But the bad news about Charter cratering all in a week or two in the 1991 or so [that year may wrong] was than a few thousand private psychiatric beds were lost the country over. And that started the trend of private psychiatric beds closing and private units downsizing all over the country as the reimbursements from private insurance companies cratered also. And that is the largely forgotten co-contributing cause to our present day mental health care crisis.

My next blog post in a week or two, I hope will address that legislation moving through Congress that will seek t redress the coverage inequities that still plague private hospitals who still, God Bless Their Souls, who operate inpatient psychiatric units. They ALL do so at a loss. Like a loss leader at a grocery store except in health care you cannot refer every psych inpatient for expensive surgery and make up the loss like you can at the steak counter in a grocery store. These hospitals do so out a sense of mission to the communities and because nobody else will.

But finally the psychiatric, bean counter, local legislative world is waking up partly due to the overcrowding of jails everywhere with the severely mentally ill who cost gobs of money to house, care for and treat well enough to retain accreditation of correctional review bodies, the rise of the mentally ill homeless even in small towns, as they said in the old movie “The Music Man,” ‘right here in River City! And the never ending now weekly spate of mass shootings at least enough of which are perpetrated by a particular brand of mentally ill for the most part that is fast becoming the shameful distinguishing news feature of American around the world. But debate is for another post…

A recent article, “Centra applies to add beds to psychiatric unit at Virgina Baptist,” in Lynchburg VA, published at, is a good example of a relatively novel and much needed trend in the slow turn-around in the re-construction of mental health care in this country. Centra Health, a private hospital holding corporation is doing what I hope and assume is a brave thing, entering into the world of inpatient psychiatric care, likely in the hopes of better things, i.e., financial support, to come. Wake up Congress, this effort starting to happen elsewhere is bourne of desperation as states and local regional health care entities try to start filling a gap that is now upon us that imperils us and patients in many ways. I am not a dyed in the wool free market Republican but this is an example the market doing the right thing, seeing a need, and entering to fill it. But it needs support at a large level. And attention legislators: IT IS GOING TO COST REAL MONEY.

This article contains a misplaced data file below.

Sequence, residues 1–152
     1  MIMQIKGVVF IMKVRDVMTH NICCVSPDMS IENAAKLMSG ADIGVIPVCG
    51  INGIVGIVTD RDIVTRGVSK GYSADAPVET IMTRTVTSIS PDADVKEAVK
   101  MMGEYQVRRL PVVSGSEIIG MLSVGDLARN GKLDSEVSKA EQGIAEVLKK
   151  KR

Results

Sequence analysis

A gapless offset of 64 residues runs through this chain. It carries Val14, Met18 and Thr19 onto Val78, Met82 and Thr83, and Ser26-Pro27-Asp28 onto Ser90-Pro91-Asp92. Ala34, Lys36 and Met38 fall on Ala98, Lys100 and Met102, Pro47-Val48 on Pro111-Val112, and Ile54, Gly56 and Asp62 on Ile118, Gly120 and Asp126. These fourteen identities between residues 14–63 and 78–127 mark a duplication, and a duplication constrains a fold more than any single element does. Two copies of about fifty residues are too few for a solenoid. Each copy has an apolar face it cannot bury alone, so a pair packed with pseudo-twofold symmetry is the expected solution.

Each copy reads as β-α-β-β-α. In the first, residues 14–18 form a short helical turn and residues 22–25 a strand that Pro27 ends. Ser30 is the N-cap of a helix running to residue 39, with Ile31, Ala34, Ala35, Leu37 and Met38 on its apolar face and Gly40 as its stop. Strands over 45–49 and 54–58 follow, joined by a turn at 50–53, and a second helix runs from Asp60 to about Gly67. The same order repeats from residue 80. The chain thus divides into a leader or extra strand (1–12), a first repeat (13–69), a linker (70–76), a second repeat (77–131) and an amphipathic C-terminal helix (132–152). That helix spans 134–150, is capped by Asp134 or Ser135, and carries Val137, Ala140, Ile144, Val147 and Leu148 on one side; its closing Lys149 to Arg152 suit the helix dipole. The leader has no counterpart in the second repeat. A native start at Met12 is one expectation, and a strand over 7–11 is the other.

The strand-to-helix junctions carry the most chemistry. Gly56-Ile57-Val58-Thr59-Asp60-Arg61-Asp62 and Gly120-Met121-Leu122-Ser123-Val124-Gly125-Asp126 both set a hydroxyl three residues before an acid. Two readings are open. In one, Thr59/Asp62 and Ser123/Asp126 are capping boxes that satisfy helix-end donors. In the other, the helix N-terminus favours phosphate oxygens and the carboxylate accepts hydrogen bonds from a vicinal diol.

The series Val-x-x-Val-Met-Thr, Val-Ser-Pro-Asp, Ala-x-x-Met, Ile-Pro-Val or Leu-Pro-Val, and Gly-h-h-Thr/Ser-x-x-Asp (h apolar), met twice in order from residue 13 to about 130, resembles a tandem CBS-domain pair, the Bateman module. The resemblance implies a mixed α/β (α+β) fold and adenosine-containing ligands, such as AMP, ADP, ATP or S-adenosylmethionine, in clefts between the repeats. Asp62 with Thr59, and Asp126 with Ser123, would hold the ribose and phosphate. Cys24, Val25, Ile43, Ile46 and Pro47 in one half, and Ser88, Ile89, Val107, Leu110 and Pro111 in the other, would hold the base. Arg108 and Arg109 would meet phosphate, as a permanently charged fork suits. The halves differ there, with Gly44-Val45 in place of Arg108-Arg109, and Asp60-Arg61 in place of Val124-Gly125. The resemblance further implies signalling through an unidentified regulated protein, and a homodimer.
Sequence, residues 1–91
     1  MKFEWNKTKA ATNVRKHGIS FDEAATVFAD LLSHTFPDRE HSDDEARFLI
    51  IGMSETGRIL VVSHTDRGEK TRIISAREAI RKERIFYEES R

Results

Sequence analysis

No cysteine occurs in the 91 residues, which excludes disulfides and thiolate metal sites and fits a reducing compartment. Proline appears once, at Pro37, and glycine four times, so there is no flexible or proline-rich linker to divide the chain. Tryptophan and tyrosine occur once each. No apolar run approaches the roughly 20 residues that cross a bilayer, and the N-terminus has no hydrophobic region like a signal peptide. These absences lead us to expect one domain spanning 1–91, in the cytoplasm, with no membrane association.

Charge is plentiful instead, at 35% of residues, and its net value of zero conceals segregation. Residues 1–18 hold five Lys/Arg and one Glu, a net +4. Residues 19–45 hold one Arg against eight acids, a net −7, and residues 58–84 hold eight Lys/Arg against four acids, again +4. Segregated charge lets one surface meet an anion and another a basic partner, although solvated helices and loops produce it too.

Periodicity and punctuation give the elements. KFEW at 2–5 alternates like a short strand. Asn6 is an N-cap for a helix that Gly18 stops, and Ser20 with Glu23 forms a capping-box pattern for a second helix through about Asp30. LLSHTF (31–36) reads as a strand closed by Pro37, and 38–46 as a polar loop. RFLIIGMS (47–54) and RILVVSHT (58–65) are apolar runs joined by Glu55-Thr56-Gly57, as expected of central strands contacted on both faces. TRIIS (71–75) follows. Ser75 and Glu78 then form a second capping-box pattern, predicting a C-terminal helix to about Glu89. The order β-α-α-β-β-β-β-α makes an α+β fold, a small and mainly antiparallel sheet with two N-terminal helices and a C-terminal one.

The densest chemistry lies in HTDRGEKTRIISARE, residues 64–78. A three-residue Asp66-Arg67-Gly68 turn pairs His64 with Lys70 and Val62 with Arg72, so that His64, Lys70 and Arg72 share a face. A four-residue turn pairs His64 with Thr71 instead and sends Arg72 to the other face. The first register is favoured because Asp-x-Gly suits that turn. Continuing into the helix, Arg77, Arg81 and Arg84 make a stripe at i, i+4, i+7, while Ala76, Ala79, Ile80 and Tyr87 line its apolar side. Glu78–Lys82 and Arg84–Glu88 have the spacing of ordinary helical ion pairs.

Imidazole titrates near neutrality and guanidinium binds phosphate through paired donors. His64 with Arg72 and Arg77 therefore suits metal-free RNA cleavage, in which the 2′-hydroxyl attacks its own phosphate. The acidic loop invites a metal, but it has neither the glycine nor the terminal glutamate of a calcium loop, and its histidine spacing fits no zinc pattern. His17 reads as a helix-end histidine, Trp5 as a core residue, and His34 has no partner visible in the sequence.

Centra hopes to add 8 to its existing psychiatric 37 beds which is impressive. It is clear from the article they saw the need locally and responded.

And why did this happen? Ask State Senator Craige Deeds now well known to the nation as one of our most well placed mental health advocates, whose son Gus suffered the ultimate price of unavailability of local mental health care too late, suicide, after having stabbing his father nearly two years and highlighting in a personally tragic way our current mental health care delivery crisis plight.

The answer is simply that states across the country since the 1990’s have sought to save monies in the multiple economic bubble  busts, and recession, by slashing mental health budgets, closing state hospital psychiatric beds and neglecting the decades long disparities in mental health insurance reimbursement that have drive the private psychiatric care sector into a shadow of its former self nationally. My own training university, a powerhouse and truly deserving prestigious care and research organization, now has far fewer private inpatient psychiatric beds than when I trained there in the 1970’s and depends upon a local private hospital with a far larger private psychiatric inpatient service to meet those needs. Most of the university’s now few inpatient psychiatric beds are funded by research grants and funds that is the reality facing many such prestigious university medical centers that one would assume are rich and powerful beyond belief. Not so anymore.

More to come on this topic soon.